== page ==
Selling sub-standard fruit and vegetables, no stalls for basins, grams, pulses
Ramazan Bazars disappoint people
RAWALPINDI—Ramazan Sasta Bazars set up by the district administration on the instructions of Punjab government have dashed hopes of the citizens to get essential commodities for Iftar/Sehr at subsidized rates.
Though the officials responsible for the establishment of the Sasta Bazars have managed to arrange Tarpaulin shade for the convenience of the shopkeepers and the customers but what is discouraging the visitors is that most of the essential items are completely missing in these Bazars.
A visit to a few Bazars including the one at Khayabane-Sir Syed in Sector II, near Awan Market exposed the claims of sale of cheaper items than compared to the market. First of all there were no sale points for Ramazan essential items like Basins, Grams, pulses and vegetable ghee and oil.
Though there have been several fruit stalls but the quality is inferior than those being sold just outside the Bazars. The reason is that the administration is hell bent to keep the fruit rates lower than the market but no attention is being given to the stuff being offered to the customers. As a result, the sale of fruit at the Bazars is nominal and only those people buy mangoes and water melons of poor quality who cannot afford.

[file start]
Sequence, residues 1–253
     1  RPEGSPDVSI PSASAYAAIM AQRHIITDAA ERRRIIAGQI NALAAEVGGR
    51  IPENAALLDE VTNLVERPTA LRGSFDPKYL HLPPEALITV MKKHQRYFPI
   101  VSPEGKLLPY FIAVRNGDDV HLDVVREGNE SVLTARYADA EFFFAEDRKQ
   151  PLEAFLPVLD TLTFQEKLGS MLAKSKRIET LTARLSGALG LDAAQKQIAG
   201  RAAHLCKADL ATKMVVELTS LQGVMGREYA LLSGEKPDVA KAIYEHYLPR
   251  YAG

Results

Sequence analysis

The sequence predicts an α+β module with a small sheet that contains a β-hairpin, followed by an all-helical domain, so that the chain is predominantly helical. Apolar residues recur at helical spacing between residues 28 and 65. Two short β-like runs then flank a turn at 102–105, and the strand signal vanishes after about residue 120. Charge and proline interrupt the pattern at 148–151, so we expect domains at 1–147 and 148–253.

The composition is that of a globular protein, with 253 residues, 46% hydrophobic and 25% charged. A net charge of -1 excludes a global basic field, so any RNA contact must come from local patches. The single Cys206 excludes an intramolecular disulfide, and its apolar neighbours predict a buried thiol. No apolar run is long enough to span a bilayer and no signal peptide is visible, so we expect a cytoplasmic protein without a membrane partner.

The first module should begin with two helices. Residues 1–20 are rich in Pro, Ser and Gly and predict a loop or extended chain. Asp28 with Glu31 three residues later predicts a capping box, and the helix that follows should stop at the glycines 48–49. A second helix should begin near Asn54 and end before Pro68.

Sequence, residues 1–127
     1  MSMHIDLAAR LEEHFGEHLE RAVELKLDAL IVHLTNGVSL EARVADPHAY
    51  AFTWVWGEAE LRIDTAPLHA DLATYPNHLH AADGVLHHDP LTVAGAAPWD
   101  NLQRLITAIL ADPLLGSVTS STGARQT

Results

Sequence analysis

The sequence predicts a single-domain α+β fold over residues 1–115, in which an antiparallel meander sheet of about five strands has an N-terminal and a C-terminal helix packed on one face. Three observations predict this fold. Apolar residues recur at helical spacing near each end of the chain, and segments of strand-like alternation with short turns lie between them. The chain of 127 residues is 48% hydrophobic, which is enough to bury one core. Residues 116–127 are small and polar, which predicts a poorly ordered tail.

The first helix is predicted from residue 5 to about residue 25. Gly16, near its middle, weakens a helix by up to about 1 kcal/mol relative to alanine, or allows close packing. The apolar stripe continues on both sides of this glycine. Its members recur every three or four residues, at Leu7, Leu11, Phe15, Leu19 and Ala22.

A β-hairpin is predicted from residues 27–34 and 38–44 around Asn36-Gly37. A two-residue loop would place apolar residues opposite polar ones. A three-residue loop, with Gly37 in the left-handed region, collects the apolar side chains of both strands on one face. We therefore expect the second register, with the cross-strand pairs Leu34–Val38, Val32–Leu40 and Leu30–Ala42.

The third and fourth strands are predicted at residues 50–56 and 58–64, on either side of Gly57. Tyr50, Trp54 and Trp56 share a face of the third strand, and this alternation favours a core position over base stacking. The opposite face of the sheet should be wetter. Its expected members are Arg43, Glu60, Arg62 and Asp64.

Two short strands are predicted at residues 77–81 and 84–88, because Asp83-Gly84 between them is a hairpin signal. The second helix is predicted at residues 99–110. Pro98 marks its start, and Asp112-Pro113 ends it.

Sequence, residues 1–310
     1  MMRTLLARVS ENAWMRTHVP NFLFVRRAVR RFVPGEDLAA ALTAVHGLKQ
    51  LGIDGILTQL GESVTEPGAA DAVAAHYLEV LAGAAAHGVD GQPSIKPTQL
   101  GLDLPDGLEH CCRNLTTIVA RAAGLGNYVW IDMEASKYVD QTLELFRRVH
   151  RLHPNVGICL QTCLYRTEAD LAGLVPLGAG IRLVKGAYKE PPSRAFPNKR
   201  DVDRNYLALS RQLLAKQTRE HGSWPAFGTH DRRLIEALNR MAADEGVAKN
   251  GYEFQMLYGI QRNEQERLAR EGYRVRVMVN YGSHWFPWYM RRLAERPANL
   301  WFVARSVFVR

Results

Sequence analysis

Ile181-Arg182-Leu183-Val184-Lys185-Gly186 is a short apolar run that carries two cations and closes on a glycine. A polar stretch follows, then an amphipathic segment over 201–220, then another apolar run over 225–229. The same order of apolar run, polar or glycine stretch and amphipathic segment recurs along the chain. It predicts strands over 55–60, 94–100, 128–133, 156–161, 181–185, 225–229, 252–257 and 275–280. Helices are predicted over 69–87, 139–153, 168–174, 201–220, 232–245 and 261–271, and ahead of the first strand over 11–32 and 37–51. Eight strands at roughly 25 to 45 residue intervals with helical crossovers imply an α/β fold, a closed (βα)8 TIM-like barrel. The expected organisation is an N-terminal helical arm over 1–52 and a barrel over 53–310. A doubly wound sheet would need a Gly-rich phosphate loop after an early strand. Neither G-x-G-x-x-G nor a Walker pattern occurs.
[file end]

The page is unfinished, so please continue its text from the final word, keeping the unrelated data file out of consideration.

A few items of vegetables are on sale like Potatoes and Onions. These are of better quality like in the market but there is no major difference in the prices of the market and the Sasta Bazars. For example Onions were being sold at the Sasta bazaars at Rs 24 pkg while in the market the price is Rs 25 pkg.
The customers at the Sasta Bazar said they are disappointed to see that there are no sale points for Basins/ Grams and the quality of fruits is poor. They said that the bazaars were set up on the direction of Chief Minister Shahbaz Sharif and a massive amount of subsidy was announced by him to facilitate the people. However there are no items on which the subsidy can be given by the government like flour, basin, gram, and other pulses.
In interview, a young doctor Liaquat Jadoon, who had come to the Bazar with lot of expectation said he did not buy anything because required items were either not available or their quality was very poor. He pointed out that while there is rush of people buying fruits for Iftar in the market, the Bazar was almost giving a deserted look and that speaks a lot about its utility.
He said the district administration instead of leaving the management of the bazaars at the disposal of clerical staff, must post senior officers who should ensure availability of all essential items.—INP